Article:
2 Ex Machina

Alex Garland’s Ex Machina is a staggering achievement of storytelling. From beginning to end, we’re not sure who we can trust. An employee from a tech corporation wins a contest and is flown out to a remote woodland residence to meet the company’s reclusive CEO. There, the employee learns the true meaning of the contest: to test the CEO’s new cyborg, Ava. Within the first act, Garland sets up three characters: Caleb, the audience’s surrogate entering the strange world of the story; Ava, a naive-seeming cyborg; and Nathan, Ava’s designer. Then, he spends the second act turning these three characters against each other, building to an explosive third act.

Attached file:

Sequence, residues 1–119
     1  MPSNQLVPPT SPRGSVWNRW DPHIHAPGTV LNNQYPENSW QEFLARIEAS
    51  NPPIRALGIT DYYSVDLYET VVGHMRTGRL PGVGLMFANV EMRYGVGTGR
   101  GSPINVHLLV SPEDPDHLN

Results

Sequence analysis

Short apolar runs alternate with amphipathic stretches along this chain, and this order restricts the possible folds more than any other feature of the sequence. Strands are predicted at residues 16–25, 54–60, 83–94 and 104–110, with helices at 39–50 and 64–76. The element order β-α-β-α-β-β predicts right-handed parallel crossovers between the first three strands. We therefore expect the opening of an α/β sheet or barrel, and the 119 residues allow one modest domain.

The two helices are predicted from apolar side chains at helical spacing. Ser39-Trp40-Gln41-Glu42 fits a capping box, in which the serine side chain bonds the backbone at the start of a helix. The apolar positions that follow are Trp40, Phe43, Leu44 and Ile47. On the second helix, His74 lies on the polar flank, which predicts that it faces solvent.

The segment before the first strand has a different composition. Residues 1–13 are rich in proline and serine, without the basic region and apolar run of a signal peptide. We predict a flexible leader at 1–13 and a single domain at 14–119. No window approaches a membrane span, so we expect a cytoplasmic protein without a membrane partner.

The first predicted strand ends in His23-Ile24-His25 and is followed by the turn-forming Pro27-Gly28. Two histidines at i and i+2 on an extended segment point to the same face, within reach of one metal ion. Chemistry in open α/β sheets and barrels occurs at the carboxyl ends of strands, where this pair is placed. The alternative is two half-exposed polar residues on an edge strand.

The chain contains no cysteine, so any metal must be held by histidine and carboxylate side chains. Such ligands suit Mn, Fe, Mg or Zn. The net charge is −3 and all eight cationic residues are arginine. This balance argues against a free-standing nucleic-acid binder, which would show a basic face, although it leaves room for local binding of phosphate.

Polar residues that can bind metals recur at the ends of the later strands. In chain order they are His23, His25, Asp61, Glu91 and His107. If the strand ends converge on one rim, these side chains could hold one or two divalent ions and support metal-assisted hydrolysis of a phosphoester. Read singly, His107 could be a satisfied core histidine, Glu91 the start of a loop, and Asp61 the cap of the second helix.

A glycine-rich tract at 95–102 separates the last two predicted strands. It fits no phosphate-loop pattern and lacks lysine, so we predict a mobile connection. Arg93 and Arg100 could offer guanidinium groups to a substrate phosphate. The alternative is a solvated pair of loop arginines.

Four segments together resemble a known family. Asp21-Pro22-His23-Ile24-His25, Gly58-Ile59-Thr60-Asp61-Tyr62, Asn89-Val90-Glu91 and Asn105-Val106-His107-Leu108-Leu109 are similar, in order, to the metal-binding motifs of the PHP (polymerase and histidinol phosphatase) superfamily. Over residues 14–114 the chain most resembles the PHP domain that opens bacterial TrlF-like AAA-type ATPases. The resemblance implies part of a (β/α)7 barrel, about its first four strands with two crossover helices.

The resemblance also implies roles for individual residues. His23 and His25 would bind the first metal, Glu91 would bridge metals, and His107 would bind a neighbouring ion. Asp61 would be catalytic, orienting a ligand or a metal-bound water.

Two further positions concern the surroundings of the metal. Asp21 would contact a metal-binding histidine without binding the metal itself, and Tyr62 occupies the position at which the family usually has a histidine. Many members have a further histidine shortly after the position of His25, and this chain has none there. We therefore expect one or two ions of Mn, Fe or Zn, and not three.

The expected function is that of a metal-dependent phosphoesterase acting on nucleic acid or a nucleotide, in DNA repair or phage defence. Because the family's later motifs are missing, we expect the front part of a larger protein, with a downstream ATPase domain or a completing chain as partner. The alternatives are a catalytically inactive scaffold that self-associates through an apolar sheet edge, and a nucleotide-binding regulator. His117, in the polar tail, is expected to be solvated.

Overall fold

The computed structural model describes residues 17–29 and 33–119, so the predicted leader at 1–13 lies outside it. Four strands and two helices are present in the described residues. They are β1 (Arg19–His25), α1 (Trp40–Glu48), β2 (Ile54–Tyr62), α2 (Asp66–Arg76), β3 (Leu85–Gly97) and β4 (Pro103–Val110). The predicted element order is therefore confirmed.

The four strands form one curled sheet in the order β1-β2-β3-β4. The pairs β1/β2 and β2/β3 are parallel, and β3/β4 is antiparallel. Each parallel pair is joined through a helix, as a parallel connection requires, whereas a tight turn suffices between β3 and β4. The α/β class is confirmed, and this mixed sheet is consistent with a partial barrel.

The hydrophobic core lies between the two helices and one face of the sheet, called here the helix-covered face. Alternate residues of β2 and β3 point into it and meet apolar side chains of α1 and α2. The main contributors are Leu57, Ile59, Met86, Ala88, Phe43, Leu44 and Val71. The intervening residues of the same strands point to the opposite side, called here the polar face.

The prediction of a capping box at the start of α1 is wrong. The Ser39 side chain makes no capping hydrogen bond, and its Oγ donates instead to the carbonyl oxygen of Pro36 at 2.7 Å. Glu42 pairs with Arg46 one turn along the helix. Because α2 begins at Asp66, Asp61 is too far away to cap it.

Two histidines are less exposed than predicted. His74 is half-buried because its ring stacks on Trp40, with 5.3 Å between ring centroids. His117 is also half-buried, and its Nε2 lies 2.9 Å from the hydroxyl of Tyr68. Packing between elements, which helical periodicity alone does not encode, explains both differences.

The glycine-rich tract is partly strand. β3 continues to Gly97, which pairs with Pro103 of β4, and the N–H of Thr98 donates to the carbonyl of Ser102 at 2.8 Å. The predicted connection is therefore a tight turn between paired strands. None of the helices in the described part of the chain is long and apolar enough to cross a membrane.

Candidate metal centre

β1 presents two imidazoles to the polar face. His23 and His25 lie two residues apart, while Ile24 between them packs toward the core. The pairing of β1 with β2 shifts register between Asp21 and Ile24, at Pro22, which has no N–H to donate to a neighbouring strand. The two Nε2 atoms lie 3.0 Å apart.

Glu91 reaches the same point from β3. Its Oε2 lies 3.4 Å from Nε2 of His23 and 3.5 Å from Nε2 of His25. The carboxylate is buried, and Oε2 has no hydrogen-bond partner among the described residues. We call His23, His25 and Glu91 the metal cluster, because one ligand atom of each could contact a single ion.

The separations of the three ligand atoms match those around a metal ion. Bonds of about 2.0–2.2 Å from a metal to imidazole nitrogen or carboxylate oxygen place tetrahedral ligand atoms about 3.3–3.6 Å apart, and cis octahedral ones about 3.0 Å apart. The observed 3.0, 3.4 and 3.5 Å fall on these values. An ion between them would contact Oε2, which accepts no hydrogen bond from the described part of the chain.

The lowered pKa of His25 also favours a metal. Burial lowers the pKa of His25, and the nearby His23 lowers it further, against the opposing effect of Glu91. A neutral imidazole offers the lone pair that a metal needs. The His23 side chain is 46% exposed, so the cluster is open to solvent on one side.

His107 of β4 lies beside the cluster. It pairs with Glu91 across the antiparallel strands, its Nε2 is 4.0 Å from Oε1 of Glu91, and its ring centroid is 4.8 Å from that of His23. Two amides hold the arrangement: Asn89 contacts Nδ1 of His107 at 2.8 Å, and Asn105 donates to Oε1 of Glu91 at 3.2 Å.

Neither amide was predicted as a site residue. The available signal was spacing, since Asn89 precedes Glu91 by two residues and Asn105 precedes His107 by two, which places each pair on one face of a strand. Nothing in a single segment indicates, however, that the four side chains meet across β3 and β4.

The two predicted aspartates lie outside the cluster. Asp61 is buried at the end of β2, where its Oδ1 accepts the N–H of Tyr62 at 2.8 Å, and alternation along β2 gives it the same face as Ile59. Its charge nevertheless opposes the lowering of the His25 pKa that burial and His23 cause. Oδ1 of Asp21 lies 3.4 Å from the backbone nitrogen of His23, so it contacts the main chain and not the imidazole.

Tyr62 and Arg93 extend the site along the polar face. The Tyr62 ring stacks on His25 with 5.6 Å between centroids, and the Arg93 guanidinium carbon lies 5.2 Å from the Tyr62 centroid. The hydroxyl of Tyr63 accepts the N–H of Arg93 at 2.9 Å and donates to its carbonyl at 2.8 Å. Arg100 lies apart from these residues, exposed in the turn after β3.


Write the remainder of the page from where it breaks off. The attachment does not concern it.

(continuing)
1 The Matrix

Matrix lobby scene

Will you take the red pill or the blue pill? When Inception was released, critics immediately drew parallels with The Matrix. Both are action-packed sci-fi epics about a team traversing an unseen world, challenging their perceptions of reality. However, there are plenty of differences between Christopher Nolan’s suave thriller and the Wachowskis’ curious blend of William Gibson-influenced cyberpunk, Japanese kung fu movies, and allusions to Lewis Carroll’s Alice’s Adventures in Wonderland. The great thing about The Matrix is that it’s an all-time great sci-fi movie and an all-time great action movie. Few movies have managed to stand among the best of two genres.

NEXT: 10 Mind-Boggling Sci-Fi Movies To Watch If You Like The Matrix